Yesterday, we reported on a new meta-analysis of psychodynamic psychotherapy that demonstrates the effectiveness of this type of therapy. Traditionally, psychodynamic therapy is thought to be “less scientific” than newer, modern psychotherapy treatments, like cognitive-behavioral therapy (CBT). We had previously noted how psychodynamic therapy fared just as well as CBT for anxiety disorders in another robust study.

The new research analysis — which reviewed eight meta-analyses of 160 studies of psychodynamic therapy — was published in the American Psychologist and showed robust effect sizes:

One major meta-analysis of psychodynamic therapy included 1,431 patients with a range of mental health problems and found an effect size of 0.97 for overall symptom improvement (the therapy was typically once per week and lasted less than a year). The effect size increased by 50 percent, to 1.51, when patients were re-evaluated nine or more months after therapy ended.

An effect size of 0.80 is considered “large” and significant in this field. Antidepressant drug studies typically have an effect size of around 0.31. The higher this number, the more effective the treatment is thought to be.

The eight meta-analyses, representing the best available scientific evidence on psychodynamic therapy, all showed substantial treatment benefits, according to Shedler. Effect sizes were impressive even for personality disorders—deeply ingrained maladaptive traits that are notoriously difficult to treat, he said.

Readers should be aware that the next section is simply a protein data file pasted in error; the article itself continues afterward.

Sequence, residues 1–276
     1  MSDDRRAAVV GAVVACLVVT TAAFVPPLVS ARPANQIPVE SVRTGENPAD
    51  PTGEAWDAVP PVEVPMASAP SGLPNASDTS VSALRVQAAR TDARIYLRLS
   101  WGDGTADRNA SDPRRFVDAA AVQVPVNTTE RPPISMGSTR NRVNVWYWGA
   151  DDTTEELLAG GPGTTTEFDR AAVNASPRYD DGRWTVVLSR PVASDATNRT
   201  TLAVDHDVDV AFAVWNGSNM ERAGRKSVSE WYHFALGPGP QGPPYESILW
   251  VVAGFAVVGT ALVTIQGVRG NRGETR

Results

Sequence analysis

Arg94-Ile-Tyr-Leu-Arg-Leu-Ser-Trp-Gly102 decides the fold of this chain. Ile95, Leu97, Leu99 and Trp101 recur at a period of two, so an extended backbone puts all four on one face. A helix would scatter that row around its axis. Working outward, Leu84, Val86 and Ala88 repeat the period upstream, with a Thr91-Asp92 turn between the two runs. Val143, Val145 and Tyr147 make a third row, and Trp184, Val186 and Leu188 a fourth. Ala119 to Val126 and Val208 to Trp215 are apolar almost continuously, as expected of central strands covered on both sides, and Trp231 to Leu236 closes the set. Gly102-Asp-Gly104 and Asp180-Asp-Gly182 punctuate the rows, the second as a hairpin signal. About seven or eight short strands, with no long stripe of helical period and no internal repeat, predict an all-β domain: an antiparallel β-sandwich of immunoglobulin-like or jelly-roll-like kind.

“The consistent trend toward larger effect sizes at follow-up suggests that psychodynamic psychotherapy sets in motion psychological processes that lead to ongoing change, even after therapy has ended,” Shedler said.

The limitation of a review of this nature is that it may be cherry-picking the studies it includes to review — choosing the ones that will show psychodynamic psychotherapy in the best light. This review looked at eight other meta-analysis studies, but there may have been other studies left out of the review that showed smaller effect sizes.

But assuming the researchers were as objective as we all hope, this is another datapoint demonstrating that psychodynamic therapy is an effective type of psychotherapy. It also again shows us that although psychodynamic therapy is often not thought of in the same breath as “psychotherapy research,” it appears to slowly be coming into its own with supporting data. Nearly a century after it was first introduced. Better late than never.

Read the news article on the study: Psychodynamic Psychotherapy Is Beneficial